In 2012, The Madame Webb authored a paper entitled “The Importance and Purpose Of Respect & Protocols”[4] for a leading Vampire house. In it she laid out guidelines to the membership of that House which included;
We will respect all of our Elders, of title and or physical age, and we will hold them in high regard. We value all that we can learn from them. Let us take for example the Native American path. Hardly any cultural group is attending to and learning from Elders as they should, or could be. Elders are assets and rewarding resources; much more learned then our beloved “Google.” There is still plenty to be learned about the world and how to live in it. We learn by listening and respecting Elders, not just in our community, but also in the world at large. Elders have a master’s degree from the University of Life. What they allow to be shared with us is a gift.”

Titles, such as “Elder” are not always to denote ranks and responsibilities, they can also be used to denote expertise and depth of experience in important areas and anyone who has put in the effort, invested the time and returns willing to teach should be recognised for such contributions to the modern culture.

In conclusion:

The main concept we must all recognise and accept here is that in each organisation, house, tribe or other such body the members and leader of that entity have the right to adopt any form of official delineation of roles, responsibilities and duties that they may see fit. It is entirely endemic to the individual organisation and does not mean that they hold the same position on other than a local basis and within their own organisations… the use of the title is, however, a point of polite address and interaction. Now, you may call me “Old School” whatever that may mean, because I prefer to address people with a prefix of “Lady” if they are feminine and “Lord” if they are male, that is my way unless a person declines to be addressed so then I shall simply make my address polite and respectful – when dealing with people it gets you much, much further and my honoured parents, my dear departed grandmother and my early English grammar school education brought me up to be polite and respectful, you, dear reader, may have been brought up with a much different perspective and that is perfectly okay – as always but simply because you don’t personally dig the idea of titles and their use doesn’t entitle you to be ignorant of social niceties and be out-and-out rude, does it?

Copyright TB  2017


  1. Saggs, H. W. F. 1988, The Greatness That Was Babylon (revised edition)
  2. Watson E. Mills; Roger Aubrey Bullard (1990). Mercer Dictionary of the Bible. Mercer University Press. p. 975. ISBN 978-0-86554-373-7.
  3. com Unabridged. Based on the Random House Dictionary, © Random House, Inc. 2017.
  4. “The Importance and Purpose Of Respect & Protocols”, The Madame Webb, ©2012, Retrieved Sept. 2017

Additional references:

NB: This article may be linked to but may not be copied or reproduced, nor redistributed in any manner, including electronic without the express permission of the copyright owners.

The views and opinions presented in this article are the opinions of the author and/or contributors and do not necessarily represent the views and opinions of The Owner/s of RVL, their officers, assigns or agents. RVL and its officers do not personally, individually, or jointly necessarily recommend or condone any of the activities or practices represented.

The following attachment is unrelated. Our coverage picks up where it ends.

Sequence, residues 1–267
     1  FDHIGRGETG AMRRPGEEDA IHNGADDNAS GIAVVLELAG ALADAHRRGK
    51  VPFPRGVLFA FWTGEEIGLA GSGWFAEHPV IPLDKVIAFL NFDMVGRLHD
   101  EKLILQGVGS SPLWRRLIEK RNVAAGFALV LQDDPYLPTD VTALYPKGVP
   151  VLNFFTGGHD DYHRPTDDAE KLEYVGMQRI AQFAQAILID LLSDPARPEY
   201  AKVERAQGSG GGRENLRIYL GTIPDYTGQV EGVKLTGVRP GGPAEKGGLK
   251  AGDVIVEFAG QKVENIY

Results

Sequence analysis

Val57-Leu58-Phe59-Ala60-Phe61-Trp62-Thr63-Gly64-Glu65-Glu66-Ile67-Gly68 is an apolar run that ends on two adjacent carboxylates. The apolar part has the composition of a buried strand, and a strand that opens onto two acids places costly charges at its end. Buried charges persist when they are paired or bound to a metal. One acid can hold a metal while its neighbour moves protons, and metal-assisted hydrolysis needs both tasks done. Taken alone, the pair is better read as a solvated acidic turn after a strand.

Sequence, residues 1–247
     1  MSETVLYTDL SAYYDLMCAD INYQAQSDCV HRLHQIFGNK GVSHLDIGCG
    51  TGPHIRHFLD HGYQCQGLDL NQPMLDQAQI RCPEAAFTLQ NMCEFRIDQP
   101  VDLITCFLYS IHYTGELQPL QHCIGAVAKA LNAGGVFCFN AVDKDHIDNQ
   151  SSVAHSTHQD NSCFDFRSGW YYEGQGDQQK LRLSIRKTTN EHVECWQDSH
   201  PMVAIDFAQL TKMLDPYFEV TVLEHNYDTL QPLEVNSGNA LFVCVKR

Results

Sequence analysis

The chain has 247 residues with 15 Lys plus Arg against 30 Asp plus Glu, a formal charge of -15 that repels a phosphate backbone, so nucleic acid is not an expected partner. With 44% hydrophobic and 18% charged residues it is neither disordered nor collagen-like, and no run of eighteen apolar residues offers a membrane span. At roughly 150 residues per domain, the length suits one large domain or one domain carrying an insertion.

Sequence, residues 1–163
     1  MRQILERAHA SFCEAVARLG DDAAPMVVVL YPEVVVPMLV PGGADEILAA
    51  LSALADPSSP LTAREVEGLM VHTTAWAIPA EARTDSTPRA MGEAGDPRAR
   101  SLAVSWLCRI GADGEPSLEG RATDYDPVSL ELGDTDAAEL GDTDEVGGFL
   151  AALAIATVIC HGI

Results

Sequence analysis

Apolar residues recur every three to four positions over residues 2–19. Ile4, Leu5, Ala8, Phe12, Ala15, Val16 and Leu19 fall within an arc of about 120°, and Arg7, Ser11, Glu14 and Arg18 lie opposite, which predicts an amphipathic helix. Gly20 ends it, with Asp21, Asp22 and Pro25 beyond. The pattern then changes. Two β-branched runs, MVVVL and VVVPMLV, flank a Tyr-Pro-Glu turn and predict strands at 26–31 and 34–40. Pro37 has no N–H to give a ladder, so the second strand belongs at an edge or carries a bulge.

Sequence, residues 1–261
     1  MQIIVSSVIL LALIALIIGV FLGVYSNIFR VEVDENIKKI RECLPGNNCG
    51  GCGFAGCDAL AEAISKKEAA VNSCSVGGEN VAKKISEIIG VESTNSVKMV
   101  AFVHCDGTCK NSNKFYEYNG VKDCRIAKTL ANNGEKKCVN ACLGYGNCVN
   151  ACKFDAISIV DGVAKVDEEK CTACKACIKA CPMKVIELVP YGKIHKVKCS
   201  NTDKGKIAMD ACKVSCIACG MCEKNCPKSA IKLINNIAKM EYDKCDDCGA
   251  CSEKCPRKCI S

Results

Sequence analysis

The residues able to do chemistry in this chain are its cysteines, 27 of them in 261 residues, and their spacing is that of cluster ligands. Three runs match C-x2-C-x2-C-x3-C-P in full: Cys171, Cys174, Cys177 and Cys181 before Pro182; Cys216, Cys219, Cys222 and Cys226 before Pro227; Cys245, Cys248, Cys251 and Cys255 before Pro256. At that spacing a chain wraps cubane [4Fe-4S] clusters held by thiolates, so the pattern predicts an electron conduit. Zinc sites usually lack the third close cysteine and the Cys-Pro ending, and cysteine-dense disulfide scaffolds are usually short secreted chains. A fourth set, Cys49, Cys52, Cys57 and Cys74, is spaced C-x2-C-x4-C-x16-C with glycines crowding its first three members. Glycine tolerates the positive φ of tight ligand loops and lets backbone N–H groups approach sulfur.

Where used, quoted portions of other works are reproduced by permission, or under Section 107 of the Copyright Act 1976, wherein allowance is made for “fair use” for purposes such as criticism, comment, news reporting, teaching, scholarship, and research.

For further information please see the RVL Website Disclaimer




Vampire Deities 2017


Bat meme by SloDive

Compiled, edited and presented by


Good afternoon,

One of the most widely, and regularly, read of our editorials is that of Vampire Deities. Work began on that particular editorial on March 9th, 2011 and I thought it high time that I applied a greater effort to the, obviously, popular question, “Who are the Gods of Vampires?” It seems that a huge number of folks are still eager to embrace the concept of modern living Vampyres having their own deities to connect with.

As you journey through the cyber-highways and byways of the culture you will find references made to many deities but the thing you will come to recognise is that they are predominantly Egyptian or Pagan in origin… in a manner of speaking this, we suppose, is to be expected since there is very little connection made, by anyone in the culture, between Vampirism and religion… I mean, Jesus didn’t have fangs, did he…?

What if I were to tell you that the Supreme Being, the universal creator and the most magnificent and munificent all powerful deity of Vampires of all times past, and yet to come, was none other than…
Fawknutz the Unseen,

An androgynous, hermaphroditic, incubi/succubae that has a taste for human body fluids and energies…

How’s that grab ya??? Could we enlightened nightkind get behind that concept en masse?

Perhaps it’s easier to get behind the tale of the end of Ra’s reign where, in one myth, he gets the brilliant idea of sending Hathor, as Sekhmet, to wipe out mortals who conspired against him. In the story the greedy deity’s blood-lust was not satiated at the end of battle and she just kept right on slaying, and slaying, and slaying… until she had almost obliterated humanity – so Ra, in another fit of pure genius, poured out beer dyed with red ochre or hematite into the Nile so that it resembled blood. Now, I don’t know whether it was a natural proclivity for the deity or not but she mistook the flood of beer for blood and got so friggin pissed that it was all she could do to stagger off home to ol’ Ra.[1]